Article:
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RCA Studio II
RCA Studio II
TypeHome video game console
GenerationSecond generation
Release dateJanuary 1977; 47 years ago (1977-01)
Introductory priceUS$149 (equivalent to $749.17 in 2023)
Discontinued1978 (1978)
Units sold53,000-64,000[1]
CPURCA 1802 microprocessor, 1.78 MHz
Memory512 bytes (normally used as 256 bytes display RAM + 256 bytes program RAM)
Removable storageROM cartridge
Display64x32, monochrome graphics
GraphicsRCA CDP1861 "Pixie"
Controller inputTen-button keypads

The RCA Studio II is a home video game console made by RCA that debuted in January 1977. The graphics of Studio II games were black and white[2] and resembled those of earlier Pong consoles and their clones. The Studio II also did not have joysticks or similar game controllers but instead used two ten-button keypads that were built into the console itself.[3] The console was capable of making simple beep sounds with slight variations in tone and length. The Studio II included five built-in games.[4]

The Studio II was not a successful product; the previously released Fairchild Channel F made it obsolete at launch and the Atari 2600, superior to both, was released ten months later. After poor Christmas sales in 1977, RCA discontinued the Studio II.


RCA engineer Joseph Weisbecker began building his own personal computer at home in the late 1960s, and encouraged the company to sell small computers. RCA introduced the Studio II video game console—using Weisbecker's COSMAC 1802 CPU—in January 1977.[5]

Joyce Weisbecker, the daughter of the console's designer, learned how to program her father's homemade home computer as a child. After graduating from high school in 1976, she used her familiarity with the architecture to create School House I and Speedway/Tag for the Studio II, becoming the first woman to develop a commercial video game.[5]

Market loss

The Studio II sold poorly. An internal sales document put RCA's own sales estimate for the console between 53,000 and 64,000 units sold between February 15, 1977, and January 31, 1978.[1] It was released after the superior Fairchild Channel F, and the very successful Atari 2600 also appeared in 1977. RCA announced the console's discontinuation in February 1978[5] because of low Christmas sales. While losses were not disclosed, the company laid off 120 workers at its plant that produced the system in North Carolina. Some analysts blamed the fact the RCA Studio II's games were in black and white, and could not compete with systems offering color.[6]

Technical specifications

The RCA Studio II used mostly RCA-built chips.
Like the Atari 5200, the RCA Studio II uses one cable to carry both video and power for the console.

List of games

Built-in games

Released cartridges

  1. 18V400|TV Arcade I: Space War
  2. 18V401|TV Arcade II: Fun with Numbers
  3. 18V402|TV Arcade III: Tennis/Squash
  4. 18V403|TV Arcade IV: Baseball
  5. 18V404|TV Arcade Series: Speedway/Tag
  6. 18V405|TV Arcade Series: Gunfighter/Moonship Battle
  7. 18V500|TV School House I
  8. 18V501|TV School House II: Math Fun
  9. 18V600|TV Casino I: Blackjack
  10. 18V601|TV Casino Series: TV Bingo (very limited release; only 3 copies are known to exist as of 1/7/2018)[citation needed]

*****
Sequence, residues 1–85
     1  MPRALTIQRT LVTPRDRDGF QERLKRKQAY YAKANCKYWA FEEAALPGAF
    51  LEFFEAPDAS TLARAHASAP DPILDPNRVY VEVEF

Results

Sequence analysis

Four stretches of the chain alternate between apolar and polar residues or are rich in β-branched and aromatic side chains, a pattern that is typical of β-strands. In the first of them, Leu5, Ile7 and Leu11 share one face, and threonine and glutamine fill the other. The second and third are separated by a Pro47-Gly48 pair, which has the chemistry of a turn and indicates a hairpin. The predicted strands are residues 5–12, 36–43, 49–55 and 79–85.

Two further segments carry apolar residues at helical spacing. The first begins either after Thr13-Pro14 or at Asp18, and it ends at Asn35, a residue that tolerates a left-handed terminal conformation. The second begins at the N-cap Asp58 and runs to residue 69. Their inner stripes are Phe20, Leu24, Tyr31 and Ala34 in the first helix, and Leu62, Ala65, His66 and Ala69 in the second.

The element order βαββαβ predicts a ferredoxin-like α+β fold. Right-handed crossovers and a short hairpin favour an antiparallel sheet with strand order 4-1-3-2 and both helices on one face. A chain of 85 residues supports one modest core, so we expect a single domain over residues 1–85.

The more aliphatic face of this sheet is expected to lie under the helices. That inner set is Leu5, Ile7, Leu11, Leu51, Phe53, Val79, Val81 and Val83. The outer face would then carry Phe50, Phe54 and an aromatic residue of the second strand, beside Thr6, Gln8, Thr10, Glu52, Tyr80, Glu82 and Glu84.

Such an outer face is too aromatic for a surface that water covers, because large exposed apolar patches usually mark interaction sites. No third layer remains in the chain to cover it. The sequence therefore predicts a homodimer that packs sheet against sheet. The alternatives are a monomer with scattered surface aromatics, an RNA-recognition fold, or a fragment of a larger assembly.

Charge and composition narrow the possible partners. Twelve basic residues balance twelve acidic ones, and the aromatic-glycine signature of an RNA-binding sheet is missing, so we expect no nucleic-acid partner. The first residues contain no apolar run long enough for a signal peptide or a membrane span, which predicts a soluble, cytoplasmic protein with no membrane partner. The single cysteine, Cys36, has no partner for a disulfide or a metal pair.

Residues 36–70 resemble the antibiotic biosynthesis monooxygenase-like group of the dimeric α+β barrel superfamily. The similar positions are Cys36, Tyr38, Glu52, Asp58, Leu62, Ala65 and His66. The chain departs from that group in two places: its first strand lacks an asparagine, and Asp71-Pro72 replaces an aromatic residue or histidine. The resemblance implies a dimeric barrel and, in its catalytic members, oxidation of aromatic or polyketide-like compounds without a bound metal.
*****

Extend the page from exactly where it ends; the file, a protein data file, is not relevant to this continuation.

11. 18V700|TV Mystic Series: Biorhythm

Cartridges released on the MPT-02 clones (France/Australia)

  1. MG-200 Grand Pack (Doodle, Patterns, Blackjack and Bowling)
  2. MG-201 Bingo
  3. MG-202 Concentration Match
  4. MG-203 Star Wars
  5. MG-204 Math Fun (School House II)
  6. MG-205 Pinball
  7. MG-206 Biorythm
  8. MG-207 Tennis/Squash
  9. MG-208 Fun with Numbers
  10. MG-209 Computer Quiz (School House I)
  11. MG-210 Baseball
  12. MG-211 Speedway/Tag
  13. MG-212 Spacewar Intercept
  14. MG-213 Gun Fight/Moon ship

Cartridges released on the Visicom COM-100 clone (Japan)

  1. CAS-110 Arithmetic drill (Math Fun & Fun with Numbers)
  2. CAS-130 Sports fan (Baseball & Sumo Wrestling)
  3. CAS-140 Gambler I (Blackjack)
  4. CAS-141 Gambler II (Slot Machine and Dice)
  5. CAS-160 Space Command (Space War)
  6. CAS-190 Inspiration (Bagua, Blood typing and Astrology)


  1. M1200-05 Star Wars (Sheen M1200)
  2. M1200-07 Pinball (Sheen M1200) or Flipper (German Clone)


The Studio II was followed by the Studio III which can also display color and uses the RCA CDP-1802 microprocessor.[8][9][10] A Studio IV was planned but not created.[8]


  1. ^ a b "RCA Studio II GOLD MINE! An interview with the Studio 2 Production Manager!". March 2013.
  2. ^ Kent, Steven L. (2001). The Ultimate History of Video Games. Three Rivers Press. ISBN 0-7615-3643-4.
  3. ^ "Popular Mechanics - Google Books". Hearst Magazines. December 1977. Retrieved 2019-07-18.
  4. ^ Dillon, Roberto (2011). The Golden Age of Video Games. A K Peter/CRC Press. ISBN 978-1-4398-7323-6.
  5. ^ a b c Edwards, Benj (2017-10-27). "Rediscovering History's Lost First Female Video Game Designer". Fast Company. Retrieved 2017-10-27.
  6. ^ TV Games Cutback, Page 21, Spokane Daily Chronicle, 1978-02-14, Spokane Daily Chronicle - Google News Archive Search
  7. ^ a b "RCA Studio 2 Technical Information". Archived from the original on 2009-04-15.
  8. ^ a b Modla, Andy (2019-05-13). "RCA Studio II and Studio III Home TV Programmer Emulator: ajavamind/rca-studio2". Retrieved 2019-07-18.
  9. ^ "Programming Manual for STUDIO III" (PDF). September 1977. Retrieved 2022-03-13.
  10. ^ RCA 1800 microprocerssor, Studio III, CDP 1802, COSMAC microprocessor | 102727712 | Computer History Museum. Retrieved 2019-07-18.